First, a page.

• Plug the temperature probe into the phone connector.

    Next obtain the Steinhart-Hart coefficients:

    • Turn on the known accurate digital thermometer.
    • Plug a USB power source into the WiFi Kit 32.
    • Simultaneously press and hold the left (T4) and right (T6) buttons until the "Thermistor Counts" display appears.
    • Allow both the digital thermometer and thermistor counts displays to stabilize.
    • Enter the temperature and thermistor counts into the yellow "Degrees F from Thermometer" and "AD Counts from ESP32" columns on the "Room" row.
    • Insert both the digital thermometer and thermistor probes into ice water and allow both displays to stabilize.
    • Enter the temperature and thermistor counts into the yellow "Degrees F from Thermometer" and "AD Counts from ESP32" columns on the "Cold Water" row.
    • Insert both the digital thermometer and thermistor probes into boiling water and allow both displays to stabilize.
    • Enter the temperature and thermistor counts into the yellow "Degrees F from Thermometer" and "AD Counts from ESP32" columns on the "Boiling Water" row.
    • Copy the green "A:" coefficient into the variable "dProbeA" in the source code.
    • Copy the green "B:" coefficient into the variable "dProbeB" in the source code.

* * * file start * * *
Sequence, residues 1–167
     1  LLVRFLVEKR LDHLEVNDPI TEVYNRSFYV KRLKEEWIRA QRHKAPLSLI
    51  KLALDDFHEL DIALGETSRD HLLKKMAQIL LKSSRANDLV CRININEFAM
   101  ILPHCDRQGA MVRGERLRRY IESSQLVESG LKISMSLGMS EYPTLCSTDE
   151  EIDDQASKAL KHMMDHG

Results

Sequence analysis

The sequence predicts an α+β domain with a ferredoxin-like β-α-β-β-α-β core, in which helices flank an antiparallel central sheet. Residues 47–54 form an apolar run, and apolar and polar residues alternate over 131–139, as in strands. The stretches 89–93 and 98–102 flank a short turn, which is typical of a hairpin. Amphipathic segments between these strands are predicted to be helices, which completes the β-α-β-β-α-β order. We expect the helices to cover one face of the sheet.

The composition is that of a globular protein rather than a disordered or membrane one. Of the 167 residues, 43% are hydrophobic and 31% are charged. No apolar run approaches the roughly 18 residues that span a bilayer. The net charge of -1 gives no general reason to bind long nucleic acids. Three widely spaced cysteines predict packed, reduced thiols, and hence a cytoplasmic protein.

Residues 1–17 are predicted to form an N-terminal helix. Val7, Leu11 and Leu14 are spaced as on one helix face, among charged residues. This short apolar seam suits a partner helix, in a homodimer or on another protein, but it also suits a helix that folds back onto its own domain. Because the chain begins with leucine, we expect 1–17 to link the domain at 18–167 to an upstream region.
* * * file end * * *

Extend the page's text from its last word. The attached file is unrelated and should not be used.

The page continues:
• Copy the green "C:" coefficient into the variable "dProbeC" in the source code.

    Compile and download the software into the WiFi Kit 32.

    Step 5: 3D Printing the Case and Final Assembly.

    I printed both "Case, Top.stl" and "Case, Bottom.stl" at .1mm layer height, 50% infill, with no supports.

    With the case printed, I assembled the electronics and the case as follows:

    • I desoldered the wires from the three hole plugs, pressed the hole plugs into position in "Case, Top.stl", then re-soldered the wires to the hole plugs, carefully noting the left (T4), center (T5) and right (T6) wires and the respective buttons.
    • Secured the phone connector to the round hole in "Case, Bottom.stl" using the included nut.
    • Positioned the piezo buzzer in the case bottom assembly next to the phone connector, and secured in place with double sided tape.
    • Slid the WiFi Kit 32 into position into the case bottom assembly, making sure the USB port on the WiFi Kit 32 aligned with the oval hole in the case bottom (do NOT press on the OLED display to position the WiFi Kit 32 in the case bottom assembly, trust me on this one, just don't do it!).
    • Pressed the case top assembly onto the case bottom assembly and secured in place using small dots of thick cyanoacrylate glue on the corners.

    Step 6: About the Software.